The third picture in the packet is consistent with the first one. It is a large group of children between the ages of five and ten but instead of actually standing on a large pile of oyster shells they are standing on a deck that is over top of a large pile of oyster shells. The photo also includes many different older men standing around but the caption makes no mention as to who they are and why they are standing around the children. They cannot be any of the supervisors because the caption says that they were not around because they do not permit photos to be taken of the children. It looks as if most of the oyster shucking was done by the boys while the girls took care of the babies their parents had to leave behind so they could also go work. This picture, like the one before it, was taken at the Pass Christian Co. in Mississippi.


The fourth picture is of a nine year old girl, Mary Morris, who was an oyster shucker. Mary was also a worker at the Pass Christian Co. in Mississippi. She was just one of the hundreds of young girls who were made to shuck oysters for this company; she probably never got a break and when she was able to eat lunch she was most likely only give about fifteen or twenty minutes to do so. The girl in this photo looks exhausted and nowhere near the way a nine year old is supposed to look. She has bags under her eyes and her skin is wrinkled from all the water is around all day. Just looking at this picture shows people the kind toll this hard labor had on children.


The fifth picture is of three female workers leaving the Pass Christian Co. after a thirteen hour work day. The caption states that the workers went in at 4am and are seen leaving at 5pm. This, from the all the information that has been found, seems like the normal work day for most factory and mill workers, no matter what age they happened to be. The youngest of the female workers is seen totting a baby or a small child back to their home. The worker carrying the child looks about twelve or thirteen years of age. She probably had to bring the child to work with her because there was most likely no one else at home to watch over it. The child probably sat her feet and kept itself entertained while the girl shucked oysters for most of the day. The girl and the other two females in this photo most likely had no kind of break throughout the day and almost certainly didn’t make more than $2.00 a day (Schmidt).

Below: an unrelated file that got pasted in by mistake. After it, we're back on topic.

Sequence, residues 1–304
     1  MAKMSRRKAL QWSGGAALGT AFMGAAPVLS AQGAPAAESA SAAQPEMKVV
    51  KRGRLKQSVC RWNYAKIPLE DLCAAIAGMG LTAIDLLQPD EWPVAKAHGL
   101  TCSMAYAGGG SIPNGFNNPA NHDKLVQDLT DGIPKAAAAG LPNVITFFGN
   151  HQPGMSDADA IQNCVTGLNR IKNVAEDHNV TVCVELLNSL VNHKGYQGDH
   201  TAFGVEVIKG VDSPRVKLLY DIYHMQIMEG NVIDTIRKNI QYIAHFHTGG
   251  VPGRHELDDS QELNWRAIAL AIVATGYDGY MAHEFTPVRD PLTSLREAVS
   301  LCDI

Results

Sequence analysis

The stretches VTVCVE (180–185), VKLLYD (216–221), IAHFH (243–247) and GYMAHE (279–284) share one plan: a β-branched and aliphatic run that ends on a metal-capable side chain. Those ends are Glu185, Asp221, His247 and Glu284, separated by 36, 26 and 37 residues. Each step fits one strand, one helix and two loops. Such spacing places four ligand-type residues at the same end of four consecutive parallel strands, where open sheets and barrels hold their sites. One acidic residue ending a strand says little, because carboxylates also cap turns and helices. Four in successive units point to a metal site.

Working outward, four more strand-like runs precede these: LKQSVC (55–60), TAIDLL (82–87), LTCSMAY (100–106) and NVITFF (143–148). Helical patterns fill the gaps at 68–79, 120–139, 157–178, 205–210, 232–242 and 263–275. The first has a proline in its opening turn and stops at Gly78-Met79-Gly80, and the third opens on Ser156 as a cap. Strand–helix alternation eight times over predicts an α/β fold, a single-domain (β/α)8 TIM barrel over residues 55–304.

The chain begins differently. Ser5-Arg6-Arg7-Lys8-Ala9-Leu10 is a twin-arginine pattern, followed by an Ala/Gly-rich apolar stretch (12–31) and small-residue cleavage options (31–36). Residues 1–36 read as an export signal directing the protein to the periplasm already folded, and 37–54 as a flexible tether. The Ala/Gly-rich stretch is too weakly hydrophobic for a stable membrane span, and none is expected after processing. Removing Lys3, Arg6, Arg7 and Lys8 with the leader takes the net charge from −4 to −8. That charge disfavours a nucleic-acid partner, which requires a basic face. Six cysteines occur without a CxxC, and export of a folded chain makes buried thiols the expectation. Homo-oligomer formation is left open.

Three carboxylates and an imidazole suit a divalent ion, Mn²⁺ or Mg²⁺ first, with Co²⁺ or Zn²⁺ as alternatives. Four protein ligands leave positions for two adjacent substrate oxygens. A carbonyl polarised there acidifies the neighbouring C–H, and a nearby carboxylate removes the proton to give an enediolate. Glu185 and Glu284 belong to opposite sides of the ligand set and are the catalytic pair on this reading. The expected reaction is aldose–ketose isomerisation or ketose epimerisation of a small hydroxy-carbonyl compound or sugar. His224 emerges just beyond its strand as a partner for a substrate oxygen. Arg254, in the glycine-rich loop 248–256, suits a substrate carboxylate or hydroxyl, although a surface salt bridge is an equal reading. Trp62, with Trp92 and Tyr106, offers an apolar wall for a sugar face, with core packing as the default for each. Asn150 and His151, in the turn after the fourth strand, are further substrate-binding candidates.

I believe that child labor is one of the many horrible instances of America’s past. How could people put such small children to work under such harsh circumstances? The poor children had no idea what horrible problems they would encounter by working at such a young age. They were treated with no respect and could have basically been considered slaves by how little they were paid. These Lewis Hine pictures show the people of today how badly the children were treated at these industries and what side effects working had on them. Some of the children in his photos looked as if they were twenty or thirty years of age when, as a matter of fact, they were only eight or nine. I feel children shouldn’t be working at all and especially not at that age. The children of this child labor era had no life, they probably didn’t know what it was like to go outside and play with their friends or to sit in their room and play with their toys. I think being thrown into the working world before you can experience any part of life is a terrible thing, especially if you are five or six years old when it happens to you. Also, these pictures give us a look into the life of a middle or lower class child in the late 19th and early 20th centuries. Our life is extremely different from the lives of those children in the photographs, and I’m not sure if the children of today could even fathom the thought of having to partake in those types of hard labor. I believe that the pictures that Lewis Hine took has shed a great new light onto the horrible aspects of child labor, especially of the child labor in America that took place in the late 19th and early 20th centuries.